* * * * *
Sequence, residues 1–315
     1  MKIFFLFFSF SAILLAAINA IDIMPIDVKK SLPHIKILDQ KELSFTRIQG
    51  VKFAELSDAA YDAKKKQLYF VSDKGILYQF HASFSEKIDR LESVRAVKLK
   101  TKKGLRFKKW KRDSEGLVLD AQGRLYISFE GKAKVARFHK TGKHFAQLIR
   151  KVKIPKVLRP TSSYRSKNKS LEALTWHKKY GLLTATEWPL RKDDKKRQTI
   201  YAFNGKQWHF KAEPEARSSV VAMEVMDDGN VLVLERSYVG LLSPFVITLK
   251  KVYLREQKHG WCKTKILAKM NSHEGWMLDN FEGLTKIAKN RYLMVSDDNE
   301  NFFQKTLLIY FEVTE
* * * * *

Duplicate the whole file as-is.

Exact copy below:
Sequence, residues 1–315
     1  MKIFFLFFSF SAILLAAINA IDIMPIDVKK SLPHIKILDQ KELSFTRIQG
    51  VKFAELSDAA YDAKKKQLYF VSDKGILYQF HASFSEKIDR LESVRAVKLK
   101  TKKGLRFKKW KRDSEGLVLD AQGRLYISFE GKAKVARFHK TGKHFAQLIR
   151  KVKIPKVLRP TSSYRSKNKS LEALTWHKKY GLLTATEWPL RKDDKKRQTI
   201  YAFNGKQWHF KAEPEARSSV VAMEVMDDGN VLVLERSYVG LLSPFVITLK
   251  KVYLREQKHG WCKTKILAKM NSHEGWMLDN FEGLTKIAKN RYLMVSDDNE
   301  NFFQKTLLIY FEVTE